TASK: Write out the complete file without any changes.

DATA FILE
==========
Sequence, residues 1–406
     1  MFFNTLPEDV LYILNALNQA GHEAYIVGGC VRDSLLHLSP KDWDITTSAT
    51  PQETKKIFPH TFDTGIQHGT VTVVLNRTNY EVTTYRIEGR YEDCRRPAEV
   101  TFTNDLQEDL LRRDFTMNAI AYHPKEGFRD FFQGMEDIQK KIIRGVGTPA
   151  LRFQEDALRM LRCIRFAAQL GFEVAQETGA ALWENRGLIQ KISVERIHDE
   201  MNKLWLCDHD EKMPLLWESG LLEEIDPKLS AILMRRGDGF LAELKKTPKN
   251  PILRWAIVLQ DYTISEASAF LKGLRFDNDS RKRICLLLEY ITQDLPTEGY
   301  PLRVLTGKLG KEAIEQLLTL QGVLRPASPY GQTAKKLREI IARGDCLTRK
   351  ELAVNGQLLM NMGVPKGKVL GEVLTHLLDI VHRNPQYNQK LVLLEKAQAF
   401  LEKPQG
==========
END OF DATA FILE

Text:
Sequence, residues 1–406
     1  MFFNTLPEDV LYILNALNQA GHEAYIVGGC VRDSLLHLSP KDWDITTSAT
    51  PQETKKIFPH TFDTGIQHGT VTVVLNRTNY EVTTYRIEGR YEDCRRPAEV
   101  TFTNDLQEDL LRRDFTMNAI AYHPKEGFRD FFQGMEDIQK KIIRGVGTPA
   151  LRFQEDALRM LRCIRFAAQL GFEVAQETGA ALWENRGLIQ KISVERIHDE
   201  MNKLWLCDHD EKMPLLWESG LLEEIDPKLS AILMRRGDGF LAELKKTPKN
   251  PILRWAIVLQ DYTISEASAF LKGLRFDNDS RKRICLLLEY ITQDLPTEGY
   301  PLRVLTGKLG KEAIEQLLTL QGVLRPASPY GQTAKKLREI IARGDCLTRK
   351  ELAVNGQLLM NMGVPKGKVL GEVLTHLLDI VHRNPQYNQK LVLLEKAQAF
   401  LEKPQG